by Annabel Fenwick Elliott, The Telegraph, July 22, 2019
Disney is planning to launch its own airline in the US, it has been rumoured, which could be family heaven or utter hell depending on your stance on the mega brand.
According to specialist news site JustDisney.com, the brightly decorated planes will ferry guests in and out of Orlando, Florida, home of its Walt Disney Land World, the most visited holiday resort on the planet, to airports including Detroit, Chicago, New York LaGuardia, and Los Angeles International. The Disney Company is apparently poised to start acquiring small, regional carriers in 2021.
"We have 'ears' inside on this development and have been given information that the entertainment offerings will include inflight Disney+ access to each seat, Disney’s new streaming service," the site reports.
"Disney songs will be played over the airplane’s speakers as you board. There are also discussions that characters will also be making appearances before the cabin doors are closed to send you on your way. Buzz Lightyear, will have a heavy presence as your 'captain speaking'."
The company will tempt passengers with Mickey Mouse Premium Ice Cream, and allow travellers to check in a bag for free if they have spent a night at a Disney hotel within 48 hours of the flight.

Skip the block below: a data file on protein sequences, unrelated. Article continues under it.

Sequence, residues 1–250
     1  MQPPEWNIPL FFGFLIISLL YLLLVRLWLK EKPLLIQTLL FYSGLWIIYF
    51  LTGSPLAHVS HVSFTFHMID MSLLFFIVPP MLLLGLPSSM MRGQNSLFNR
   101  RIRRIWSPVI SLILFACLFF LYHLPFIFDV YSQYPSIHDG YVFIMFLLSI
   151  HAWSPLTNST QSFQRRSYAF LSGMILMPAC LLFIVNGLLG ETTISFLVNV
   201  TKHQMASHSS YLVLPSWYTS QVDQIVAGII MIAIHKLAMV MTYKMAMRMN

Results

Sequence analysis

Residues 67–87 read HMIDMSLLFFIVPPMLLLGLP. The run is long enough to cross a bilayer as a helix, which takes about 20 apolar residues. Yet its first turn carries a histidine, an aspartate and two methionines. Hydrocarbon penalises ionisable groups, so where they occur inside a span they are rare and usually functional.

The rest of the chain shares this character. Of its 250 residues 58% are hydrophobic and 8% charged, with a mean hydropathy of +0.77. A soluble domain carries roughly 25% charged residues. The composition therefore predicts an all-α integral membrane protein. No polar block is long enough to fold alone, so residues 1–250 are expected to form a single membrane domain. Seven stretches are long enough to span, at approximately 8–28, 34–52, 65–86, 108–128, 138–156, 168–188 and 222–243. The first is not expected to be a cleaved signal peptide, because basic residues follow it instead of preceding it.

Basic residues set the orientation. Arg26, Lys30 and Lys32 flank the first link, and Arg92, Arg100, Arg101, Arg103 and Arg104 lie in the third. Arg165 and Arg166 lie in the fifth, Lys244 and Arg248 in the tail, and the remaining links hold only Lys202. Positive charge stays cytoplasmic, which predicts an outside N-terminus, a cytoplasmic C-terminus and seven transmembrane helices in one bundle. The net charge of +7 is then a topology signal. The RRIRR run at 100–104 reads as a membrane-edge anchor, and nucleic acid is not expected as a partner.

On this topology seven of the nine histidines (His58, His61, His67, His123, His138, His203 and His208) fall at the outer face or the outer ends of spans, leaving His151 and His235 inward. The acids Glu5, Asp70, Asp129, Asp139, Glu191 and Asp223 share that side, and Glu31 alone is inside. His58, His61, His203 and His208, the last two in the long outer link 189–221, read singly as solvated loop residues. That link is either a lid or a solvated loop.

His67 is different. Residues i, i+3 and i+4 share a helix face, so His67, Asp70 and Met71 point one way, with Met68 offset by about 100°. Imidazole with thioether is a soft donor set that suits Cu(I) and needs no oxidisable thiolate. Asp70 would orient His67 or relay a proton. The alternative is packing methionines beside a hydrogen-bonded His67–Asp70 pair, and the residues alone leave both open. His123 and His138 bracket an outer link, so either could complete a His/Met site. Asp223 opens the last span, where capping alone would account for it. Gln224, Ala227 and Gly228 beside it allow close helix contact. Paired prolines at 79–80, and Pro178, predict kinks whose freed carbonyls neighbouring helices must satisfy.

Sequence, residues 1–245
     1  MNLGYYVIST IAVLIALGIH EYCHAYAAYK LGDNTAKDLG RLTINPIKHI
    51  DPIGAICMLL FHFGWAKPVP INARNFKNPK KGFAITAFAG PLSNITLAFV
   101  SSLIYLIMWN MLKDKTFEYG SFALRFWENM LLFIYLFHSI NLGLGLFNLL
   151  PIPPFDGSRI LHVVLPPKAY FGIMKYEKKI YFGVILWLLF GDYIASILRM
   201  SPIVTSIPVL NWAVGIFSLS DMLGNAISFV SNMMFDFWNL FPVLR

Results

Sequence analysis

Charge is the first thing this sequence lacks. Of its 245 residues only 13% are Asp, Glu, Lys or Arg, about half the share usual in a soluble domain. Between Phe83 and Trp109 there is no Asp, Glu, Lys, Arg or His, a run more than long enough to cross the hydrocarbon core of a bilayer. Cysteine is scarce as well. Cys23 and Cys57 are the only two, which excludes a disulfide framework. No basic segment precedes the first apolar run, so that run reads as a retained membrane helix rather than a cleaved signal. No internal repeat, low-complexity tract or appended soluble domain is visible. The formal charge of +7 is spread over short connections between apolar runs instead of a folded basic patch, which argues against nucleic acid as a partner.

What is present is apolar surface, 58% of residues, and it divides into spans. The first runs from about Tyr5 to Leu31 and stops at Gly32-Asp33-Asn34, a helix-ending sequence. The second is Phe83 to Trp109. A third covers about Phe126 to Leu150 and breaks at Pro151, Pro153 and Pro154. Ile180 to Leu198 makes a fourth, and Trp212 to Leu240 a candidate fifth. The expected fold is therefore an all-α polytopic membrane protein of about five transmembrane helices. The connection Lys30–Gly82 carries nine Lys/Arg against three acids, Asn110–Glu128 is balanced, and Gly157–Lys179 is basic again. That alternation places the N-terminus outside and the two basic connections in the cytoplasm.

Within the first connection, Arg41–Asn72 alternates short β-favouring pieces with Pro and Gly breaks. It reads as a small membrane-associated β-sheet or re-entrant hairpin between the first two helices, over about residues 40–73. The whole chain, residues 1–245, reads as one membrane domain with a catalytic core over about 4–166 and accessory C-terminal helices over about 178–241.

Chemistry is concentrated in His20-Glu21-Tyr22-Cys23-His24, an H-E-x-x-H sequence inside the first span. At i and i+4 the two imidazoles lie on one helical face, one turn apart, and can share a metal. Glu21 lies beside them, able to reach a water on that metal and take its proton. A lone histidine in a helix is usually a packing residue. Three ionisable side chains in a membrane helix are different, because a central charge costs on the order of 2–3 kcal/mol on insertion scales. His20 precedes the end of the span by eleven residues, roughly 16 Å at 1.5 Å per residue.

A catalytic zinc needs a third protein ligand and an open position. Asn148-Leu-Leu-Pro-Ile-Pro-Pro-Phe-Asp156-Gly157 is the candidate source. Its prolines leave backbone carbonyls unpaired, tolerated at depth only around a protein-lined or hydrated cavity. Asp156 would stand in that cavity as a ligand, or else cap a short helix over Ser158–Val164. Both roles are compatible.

The air travel offering would be an addition to the existing Magical Express rail service, which transports guests directly from Orlando International Airport to Disney's Contemporary Resort, one of its original Seventies hotels.
It would not be the first time the conglomerate has turned its eyes to the skies. China Eastern Airlines and the Shanghai Disney Resort last year partnered to launch several themed aircraft to fly passengers between the resort and Beijing Airport.
Last year, it launched a Toy Story-bedecked plane, with colourful seats in both business and economy, cartoon-decorated overhead lockers, cabin crew in Minnie Mouse attire, and custom commemorative boarding passes.
Disney has been riding an ongoing wave of success of late. Its financial results were well received on Wall Street in May, as it smashed analysts’ sales and profit expectations, thanks partly to a strong performance in its theme parks arm.
The company, which has sites in Tokyo, Shanghai and Hong Kong, as well as Paris, Florida and California, as well as a cruise line, generated $6bn (£4.8bn) in the quarter - higher than any other division, and profits of $1.5bn (£1.2bn).
Working conditions at Disney theme parks, however, have been in the spotlight following criticism from Abigail Disney, an heiress to the company fortune, last week. After meeting staff at Disneyland in Anaheim, California, she told Yahoo News she was “livid”, adding: “Every single one of these people I talked to were saying, ‘I don’t know how I can maintain this face of joy and warmth when I have to go home and forage for food in other people’s garbage’.”
The Walt Disney Company labelled the claims a “stunt” and “a gross and unfair exaggeration of the facts”, adding that employees at its parks in Orlando and Anaheim earn an average of $19.50 (£15.64) an hour.
Telegraph Travel has in the past interviewed a former employee of the Magic Kingdom on what it's really like to work at the famed park, and she revealed some interesting surprises.
Would you fly with Disney's airline, or does it sound dreadful? Let us know your thoughts in the comment box below.
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